Muskegon Continues to Be One of Michigan's Best Destinations for Public Art

Muskegon Continues to Be One of Michigan’s Best Destinations for Public Art

City Built on Timber Muskegon Public Art Michigan

Public Art projects continue to pop up all over Michigan. Adding to the culture and tourist appeal of downtowns and public parks, these projects include sculpture, statues, murals, and more. We recently had the chance to check out the first few pieces of what is planned to be a 10 piece collection in Muskegon. The MuskegonCity Public Art Initiative appears to be off to a strong start, and its first four public art installations are quite impressive. Today we will take a look at these four pieces as well as what the future holds, and continue to update this post over the next year or two as more pieces are completed and added.

Moxie Mastodon Sculpture Muskegon Lakeshore Museum Center

The first piece is a life-like Mastodon sculpture outside of the Lakeshore Museum Center (430 W. Clay Ave.). “Moxie” appears to be emerging from a manhole and is a tribute to pre-historic Muskegon. A sign near the statue notes that Michigan was home to mastodons 13,000 years ago, the mastodon is the official state fossil of Michigan, and the Lakeshore Museum Center is home to fossilized skeletal remains of a female mastodon found near Rothbury. This exhibit was installed in August of 2019.

City Built on TImber Muskegon Close Art

“A City Built on Timber” was installed in June of 2020 and honors Muskegon’s lumber industry heritage. Located near the entrance to Heritage Landing (1050 7th St.), it is a patinated carbon steel sculpture made by brothers Erik and Israel Nordin. A sign near this piece lays out the artists’ vision: “Sitting proudly on the timbers in Muskegon, a shining grid inspired by our City’s topography, embedded with deep blue cast glass like the remarkable waters that surround us. Within the grid, spherical clusters represent the diverse elements of our community coming together and together, rising to meet our collective future.”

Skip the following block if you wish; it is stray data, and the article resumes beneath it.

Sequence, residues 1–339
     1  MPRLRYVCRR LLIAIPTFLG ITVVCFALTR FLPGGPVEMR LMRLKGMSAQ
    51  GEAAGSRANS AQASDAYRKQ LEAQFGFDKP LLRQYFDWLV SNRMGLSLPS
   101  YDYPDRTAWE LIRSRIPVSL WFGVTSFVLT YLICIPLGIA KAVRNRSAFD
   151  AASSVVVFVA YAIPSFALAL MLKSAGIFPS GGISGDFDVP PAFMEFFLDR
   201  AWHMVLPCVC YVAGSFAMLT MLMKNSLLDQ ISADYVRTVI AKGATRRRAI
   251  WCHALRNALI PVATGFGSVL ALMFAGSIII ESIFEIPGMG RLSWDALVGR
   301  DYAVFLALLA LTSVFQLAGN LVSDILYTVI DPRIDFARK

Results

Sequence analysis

Celebrating Muskegon Sculpture Public Art Lake Michigan

At the traffic roundabout near Pere Marquette Beach on Lake Michigan you will find “Celebrating Muskegon.” This sculpture by artists John Littleton and Kate Vogel was installed and dedicated in 2021. The plaque next to this piece take a look at what inspired these two artists to craft this unique piece: “Elevated by a strong framework of stainless tel, the circular steel bands enclosing rich colors of thick hand-cut glass represent the strength of Muskegon’s communities, ambition, and dreams. Intertwining with each other, these circular bands also represent the energy of the many individuals who have come together over the history of our community to make Muskegon what it is today.” The green is meant to represent the forests and parks in the area, while the blue represents the abundant waters of Muskegon’s lakes, rivers, and streams.

Muskegon Rails Project Public Art Michigan

The Muskegon Rails Project was the fourth installation and features four murals (one on each side of two bridges) on the old railroad bridges over Seaway Drive. You’ll find them between Laketon and Hackley and between Sherman and Broadway.

Celebrating Muskegon Information Public Art Sculpture Pere Marquette Beach

Two other projects have been announced so far. “OneDrop” will be a “27-foot water-inspired sculpture on the north side of the new VanDyk Mortgage Convention Center” and What Defines Muskegon will be a “mural by award-winning Detroit muralist, Dr. Hubert Massey” on the outside of Mercy Health Arena on W. Western Ave. Both projects were slated for completion in Fall of 2021, so stay tuned for updates. You can find out everything you want to know about this project at

Buster Keaton Feature Photo Muskegon Statue

This project continues a rich history of public art in Muskegon. Downtown is home to many pieces worth checking out, like the Buster Keaton Statue, the Snurfer Monument, and the first William McKinley Statue in the country.